• Production
  • Administration

Let us see if we can create the basis of a successful value-sharing plan for each department.


Sales should be the easier value-sharing plan to complete. Good salespeople are paid on a commission basis. Their job is to sell profitable jobs. You must have the basis for outlining the parameters of a successful sale that is not just based on the project sales price, but on company profitability. The formula for a profitable sale should be part of the sales commission structure. With that in place, let good salespeople do their job.

I am always a little amused when one of my consulting clients tell me that their best salesperson made more in annual compensation the previous year than they did as an owner. If they are selling profitable work, I tell them “Congratulations!” That is a salesperson that you want to reward.


Creating production-based value-sharing is a little more complicated, but I will try to give a simple definition. The basis for production bonuses can be based on the following:

  • On-time
  • On budget
  • Happy client

My context here is that production can be rewarded if they complete a project on-time, have a happy client, and that they have “beat the budget so that there is a “surplus” in the budget based on actual job costs. To do this, production must know and agree to the production schedule, and have reviewed and agreed to the project budget (not including company overhead). For example, if a project is completed on time, with a happy client, and there is a $10,000 surplus in the labor budget, a fair value-sharing plan could be to split that surplus 50/50, with $5,000 going to the company, and the remaining $5,000 to be split between the production team. There are some key points here:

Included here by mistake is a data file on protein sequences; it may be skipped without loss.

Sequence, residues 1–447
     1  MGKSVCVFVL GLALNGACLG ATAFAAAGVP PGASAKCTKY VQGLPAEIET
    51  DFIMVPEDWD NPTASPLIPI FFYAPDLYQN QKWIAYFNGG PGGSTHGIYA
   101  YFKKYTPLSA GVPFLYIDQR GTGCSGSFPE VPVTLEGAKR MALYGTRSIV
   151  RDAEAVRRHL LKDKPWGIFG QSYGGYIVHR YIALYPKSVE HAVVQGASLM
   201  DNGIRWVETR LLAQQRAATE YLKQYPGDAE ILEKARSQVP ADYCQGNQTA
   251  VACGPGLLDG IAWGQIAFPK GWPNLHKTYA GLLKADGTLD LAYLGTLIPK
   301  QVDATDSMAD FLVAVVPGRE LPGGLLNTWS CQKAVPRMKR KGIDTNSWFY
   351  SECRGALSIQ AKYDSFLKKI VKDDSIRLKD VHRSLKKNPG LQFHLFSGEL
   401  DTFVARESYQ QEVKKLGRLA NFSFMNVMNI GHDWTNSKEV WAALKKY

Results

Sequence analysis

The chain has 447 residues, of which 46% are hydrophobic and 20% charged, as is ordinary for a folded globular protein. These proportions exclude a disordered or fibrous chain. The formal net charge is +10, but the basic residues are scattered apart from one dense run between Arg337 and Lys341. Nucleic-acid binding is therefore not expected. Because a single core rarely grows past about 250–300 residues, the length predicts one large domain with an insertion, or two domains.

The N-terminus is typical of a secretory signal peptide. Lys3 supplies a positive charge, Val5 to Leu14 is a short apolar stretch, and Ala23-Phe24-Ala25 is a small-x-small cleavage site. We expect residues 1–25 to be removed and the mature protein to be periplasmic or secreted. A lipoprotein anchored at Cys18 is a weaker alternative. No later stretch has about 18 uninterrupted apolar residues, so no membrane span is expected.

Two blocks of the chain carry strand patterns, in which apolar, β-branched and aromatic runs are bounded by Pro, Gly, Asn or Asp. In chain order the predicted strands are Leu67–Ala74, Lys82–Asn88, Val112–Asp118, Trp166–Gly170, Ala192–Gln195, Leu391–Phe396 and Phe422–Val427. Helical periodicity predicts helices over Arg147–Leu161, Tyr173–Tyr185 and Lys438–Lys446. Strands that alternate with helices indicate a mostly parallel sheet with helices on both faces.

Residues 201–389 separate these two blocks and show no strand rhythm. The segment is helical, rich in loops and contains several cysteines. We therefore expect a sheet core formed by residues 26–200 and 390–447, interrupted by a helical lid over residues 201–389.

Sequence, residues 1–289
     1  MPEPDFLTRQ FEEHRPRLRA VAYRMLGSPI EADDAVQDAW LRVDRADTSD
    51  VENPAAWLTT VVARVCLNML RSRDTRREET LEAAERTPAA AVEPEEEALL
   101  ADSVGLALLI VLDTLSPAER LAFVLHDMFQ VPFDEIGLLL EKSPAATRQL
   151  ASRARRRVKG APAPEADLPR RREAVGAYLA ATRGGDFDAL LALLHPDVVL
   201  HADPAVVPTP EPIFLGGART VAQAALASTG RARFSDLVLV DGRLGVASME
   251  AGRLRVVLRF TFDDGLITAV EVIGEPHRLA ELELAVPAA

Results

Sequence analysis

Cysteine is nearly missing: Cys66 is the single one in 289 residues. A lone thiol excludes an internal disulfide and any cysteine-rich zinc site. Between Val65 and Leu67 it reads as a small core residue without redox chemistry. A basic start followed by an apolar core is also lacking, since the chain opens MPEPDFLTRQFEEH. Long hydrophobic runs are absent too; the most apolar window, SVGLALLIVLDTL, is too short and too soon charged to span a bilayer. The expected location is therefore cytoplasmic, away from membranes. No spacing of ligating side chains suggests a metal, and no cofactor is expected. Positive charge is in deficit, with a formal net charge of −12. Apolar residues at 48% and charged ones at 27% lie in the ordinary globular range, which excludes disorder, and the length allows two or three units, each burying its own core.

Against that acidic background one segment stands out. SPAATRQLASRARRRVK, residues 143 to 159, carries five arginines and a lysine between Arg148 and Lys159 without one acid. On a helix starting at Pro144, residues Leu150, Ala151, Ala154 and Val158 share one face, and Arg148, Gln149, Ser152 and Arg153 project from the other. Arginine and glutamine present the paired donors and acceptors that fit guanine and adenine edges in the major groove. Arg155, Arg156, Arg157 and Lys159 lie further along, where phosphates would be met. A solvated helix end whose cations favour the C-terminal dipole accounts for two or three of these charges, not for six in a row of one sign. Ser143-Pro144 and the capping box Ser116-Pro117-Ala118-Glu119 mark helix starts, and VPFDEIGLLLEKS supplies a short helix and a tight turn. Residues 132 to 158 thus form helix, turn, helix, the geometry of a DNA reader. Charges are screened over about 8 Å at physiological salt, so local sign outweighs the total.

• As not all projects are completed with a surplus, this value-sharing might be done on a semi-annual basis where an aggregate total is created for a profit-sharing plan.
  • Due to project expertise and experience, the allocation of profit-sharing profits with the production team should be delegated to the production manager. There can be a sliding-scale based on experience and existing compensation.


It is a team effort and administration should also be eligible for company profit-sharing. This is where your annual company budget comes into play. As administration is usually part of company overhead, you need to begin to determine what value-sharing can take place with administrative staff. To do this, go back to your annual company breakeven budget. If the administrative staff knows what that breakeven budget is (after all cost of goods-sold, company overhead, and all employee compensation), they have the basis for beginning to understand that company net profit over that breakeven budget amount can be the basis for profit-sharing. There can be an aggregate total that can be reviewed on a semi-annual basis to review potential administrative bonuses. It will not happen every year, but it is a basis for a shared plan.


An effective value-sharing plan comes down to three key points:

  1. Clear goals: Remember the universal goal – reinforce a partnership relationship with employees by sharing financial value with those who help create it.
  • Specific standards:
    • It should be clear.
    • It should be believable.
    • It should be meaningful.
  • Clear communication: This is arguably the most critical part of your program. It is impossible to over-communicate your plan to your team members. Educate them. Inform them. Reinforce plan values. Share the future, not just the past. Help them gain clarity. Show them how the results can be achieved. Help them understand how meaningful the company values can be. Remind them of your trust and commitment to them. And if the plan needs to change, amend it. That is how this works!

Like the Nordstrom’s example above, treat your key employees like non-equity partners. QR